Alcohol’s Effects on Immunity

Alcohol’s Effects on Immunity

Many people are aware that excessive drinking can be harmful to the liver and other vital organs; however, there is another, less obvious, body system that is vulnerable to the negative effects of alcohol: the immune system.

Because of alcohol’s effects on the immune system, people who drink to excess are at increased risk of contracting infectious diseases, may have more complications after surgery, and often take longer to recover from illness, compared with those who drink at lower levels. Disruptions in immune system function also contribute to organ damage associated with alcohol consumption.

An Alcohol Alert issued by the National Institutes of Health (NIH) reviews the normal workings of the immune system and explores how alcohol interferes with these functions.

Alcohol’s Effects on the Immune System
Alcohol consumption can alter the number, survival, and function of most immune cells.

Although these alterations alone may not be sufficient to adversely affect one’s health, if a person is exposed to a second “hit,” such as a virus, his or her immune system may be unable to respond properly, increasing the risk of infection.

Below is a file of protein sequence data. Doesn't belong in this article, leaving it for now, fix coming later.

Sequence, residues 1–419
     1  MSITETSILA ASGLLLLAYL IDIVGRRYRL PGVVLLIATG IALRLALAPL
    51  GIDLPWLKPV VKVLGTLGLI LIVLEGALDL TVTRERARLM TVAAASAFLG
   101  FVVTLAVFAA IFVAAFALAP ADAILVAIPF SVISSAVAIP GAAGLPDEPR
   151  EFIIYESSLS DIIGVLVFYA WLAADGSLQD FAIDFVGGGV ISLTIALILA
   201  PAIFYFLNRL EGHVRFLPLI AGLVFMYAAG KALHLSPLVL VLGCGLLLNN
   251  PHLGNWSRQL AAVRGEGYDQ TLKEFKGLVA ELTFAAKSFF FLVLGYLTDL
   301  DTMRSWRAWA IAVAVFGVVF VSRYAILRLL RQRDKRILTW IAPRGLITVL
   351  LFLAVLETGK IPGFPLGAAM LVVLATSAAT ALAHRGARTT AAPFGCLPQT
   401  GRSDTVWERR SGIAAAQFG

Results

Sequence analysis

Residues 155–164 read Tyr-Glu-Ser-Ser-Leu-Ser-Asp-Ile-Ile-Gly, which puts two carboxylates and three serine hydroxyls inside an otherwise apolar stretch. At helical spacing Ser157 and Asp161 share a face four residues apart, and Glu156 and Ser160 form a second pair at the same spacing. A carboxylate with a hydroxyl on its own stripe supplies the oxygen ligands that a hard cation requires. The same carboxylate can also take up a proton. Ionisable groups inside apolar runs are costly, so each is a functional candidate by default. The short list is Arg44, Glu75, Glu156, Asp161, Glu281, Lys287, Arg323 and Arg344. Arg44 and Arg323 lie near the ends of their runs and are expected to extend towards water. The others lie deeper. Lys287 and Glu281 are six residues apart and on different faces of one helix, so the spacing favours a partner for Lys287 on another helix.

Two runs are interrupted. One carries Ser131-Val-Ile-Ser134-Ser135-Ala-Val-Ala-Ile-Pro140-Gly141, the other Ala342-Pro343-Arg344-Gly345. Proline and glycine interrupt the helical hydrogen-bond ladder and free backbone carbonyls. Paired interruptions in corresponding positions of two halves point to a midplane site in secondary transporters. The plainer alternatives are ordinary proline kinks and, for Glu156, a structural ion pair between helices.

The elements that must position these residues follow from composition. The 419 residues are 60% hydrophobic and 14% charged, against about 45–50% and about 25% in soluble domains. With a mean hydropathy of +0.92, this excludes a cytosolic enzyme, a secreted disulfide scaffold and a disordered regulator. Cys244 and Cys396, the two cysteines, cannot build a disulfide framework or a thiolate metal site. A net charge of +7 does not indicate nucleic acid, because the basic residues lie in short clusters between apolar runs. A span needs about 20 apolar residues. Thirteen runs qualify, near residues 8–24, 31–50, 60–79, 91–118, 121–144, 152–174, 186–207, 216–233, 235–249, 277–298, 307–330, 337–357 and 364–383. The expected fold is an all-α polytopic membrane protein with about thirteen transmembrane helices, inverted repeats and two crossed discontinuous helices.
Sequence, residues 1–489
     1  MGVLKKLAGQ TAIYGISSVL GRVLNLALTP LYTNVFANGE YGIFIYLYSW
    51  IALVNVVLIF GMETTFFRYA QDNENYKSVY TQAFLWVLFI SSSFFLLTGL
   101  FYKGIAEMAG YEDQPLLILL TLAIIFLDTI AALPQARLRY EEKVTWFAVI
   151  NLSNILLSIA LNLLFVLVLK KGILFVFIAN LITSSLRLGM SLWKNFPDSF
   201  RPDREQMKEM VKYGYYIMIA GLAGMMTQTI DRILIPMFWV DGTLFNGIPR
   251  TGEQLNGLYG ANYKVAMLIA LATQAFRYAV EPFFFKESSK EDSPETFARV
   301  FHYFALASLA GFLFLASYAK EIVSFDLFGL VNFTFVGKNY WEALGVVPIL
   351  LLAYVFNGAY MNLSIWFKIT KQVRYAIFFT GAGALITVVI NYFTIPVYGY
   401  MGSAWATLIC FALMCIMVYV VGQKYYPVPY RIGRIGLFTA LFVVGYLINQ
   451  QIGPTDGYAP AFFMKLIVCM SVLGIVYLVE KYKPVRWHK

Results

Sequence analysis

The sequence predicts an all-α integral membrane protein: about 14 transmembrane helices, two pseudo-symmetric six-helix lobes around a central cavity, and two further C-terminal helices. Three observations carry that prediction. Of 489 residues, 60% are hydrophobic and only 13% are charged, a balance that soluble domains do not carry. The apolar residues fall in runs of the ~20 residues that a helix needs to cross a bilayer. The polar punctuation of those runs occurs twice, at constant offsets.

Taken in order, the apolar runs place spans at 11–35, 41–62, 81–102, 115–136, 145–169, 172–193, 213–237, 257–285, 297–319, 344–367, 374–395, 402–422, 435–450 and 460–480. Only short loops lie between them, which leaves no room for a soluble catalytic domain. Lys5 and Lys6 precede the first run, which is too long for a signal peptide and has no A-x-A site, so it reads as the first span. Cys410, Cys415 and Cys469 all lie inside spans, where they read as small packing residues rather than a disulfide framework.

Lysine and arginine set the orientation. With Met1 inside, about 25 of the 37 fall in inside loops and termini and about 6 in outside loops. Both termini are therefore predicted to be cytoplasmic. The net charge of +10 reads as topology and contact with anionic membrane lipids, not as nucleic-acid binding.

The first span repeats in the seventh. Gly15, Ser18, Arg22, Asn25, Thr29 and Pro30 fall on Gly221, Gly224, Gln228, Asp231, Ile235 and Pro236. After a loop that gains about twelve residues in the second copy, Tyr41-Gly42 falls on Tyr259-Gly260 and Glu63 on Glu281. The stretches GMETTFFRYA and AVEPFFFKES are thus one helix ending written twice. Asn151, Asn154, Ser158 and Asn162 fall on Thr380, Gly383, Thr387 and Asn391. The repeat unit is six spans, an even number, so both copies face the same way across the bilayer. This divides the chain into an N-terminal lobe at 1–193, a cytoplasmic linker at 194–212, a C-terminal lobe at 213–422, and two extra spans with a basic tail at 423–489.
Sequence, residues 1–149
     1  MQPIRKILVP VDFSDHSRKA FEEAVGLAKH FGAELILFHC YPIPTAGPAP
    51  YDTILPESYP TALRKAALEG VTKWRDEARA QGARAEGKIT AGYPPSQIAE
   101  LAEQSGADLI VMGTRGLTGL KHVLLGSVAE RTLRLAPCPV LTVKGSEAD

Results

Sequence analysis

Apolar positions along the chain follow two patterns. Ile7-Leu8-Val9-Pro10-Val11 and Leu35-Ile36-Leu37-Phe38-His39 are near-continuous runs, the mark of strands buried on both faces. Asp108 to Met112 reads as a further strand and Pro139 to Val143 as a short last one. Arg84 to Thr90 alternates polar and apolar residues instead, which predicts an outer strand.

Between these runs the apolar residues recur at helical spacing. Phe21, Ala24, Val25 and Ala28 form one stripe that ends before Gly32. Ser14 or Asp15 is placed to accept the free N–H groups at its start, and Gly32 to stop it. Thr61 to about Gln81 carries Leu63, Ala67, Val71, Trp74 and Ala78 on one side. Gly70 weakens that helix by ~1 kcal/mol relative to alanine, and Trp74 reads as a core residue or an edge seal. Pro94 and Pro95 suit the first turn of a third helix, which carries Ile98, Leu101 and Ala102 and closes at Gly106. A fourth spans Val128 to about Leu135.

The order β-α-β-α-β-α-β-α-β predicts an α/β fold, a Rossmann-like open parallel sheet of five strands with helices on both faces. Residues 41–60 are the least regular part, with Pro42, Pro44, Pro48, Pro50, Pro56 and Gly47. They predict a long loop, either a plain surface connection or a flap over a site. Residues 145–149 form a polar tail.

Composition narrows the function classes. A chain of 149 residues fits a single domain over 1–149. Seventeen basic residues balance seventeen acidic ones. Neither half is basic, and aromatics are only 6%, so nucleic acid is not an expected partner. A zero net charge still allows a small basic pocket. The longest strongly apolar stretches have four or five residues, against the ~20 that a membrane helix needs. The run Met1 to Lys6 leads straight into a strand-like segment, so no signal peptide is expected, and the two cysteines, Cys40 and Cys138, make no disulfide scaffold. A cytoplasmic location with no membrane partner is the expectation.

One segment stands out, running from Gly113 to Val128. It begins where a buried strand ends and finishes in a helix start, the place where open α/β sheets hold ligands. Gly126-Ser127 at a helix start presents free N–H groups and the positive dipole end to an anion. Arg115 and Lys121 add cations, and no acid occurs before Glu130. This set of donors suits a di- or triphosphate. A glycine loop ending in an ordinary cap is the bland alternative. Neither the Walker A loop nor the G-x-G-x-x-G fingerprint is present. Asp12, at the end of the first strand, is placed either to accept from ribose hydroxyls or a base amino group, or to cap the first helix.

The specific effects of alcohol on the immune system depend largely on how often and how much a person drinks. Even a single episode of binge drinking can have measurable effects on the immune system, from within the first 20 minutes to several hours after alcohol ingestion.

The order concludes that considerable progress has been made in bringing to light the relationship between alcohol and the immune system. However, the immune system is exceedingly complex, and there still are many gaps in our understanding of just how alcohol affects immunity and, ultimately, health.

Scientists are working to better define the ways in which alcohol interacts with and hampers the immune system. The knowledge gained from this research is expected to lead to new ways of preventing and treating alcohol-related illnesses, enabling physicians to bolster weakened immune responses and tailor treatment to the unique needs of patients with alcohol use disorder.

To read the full Alcohol Alert from the NIH, please click here.

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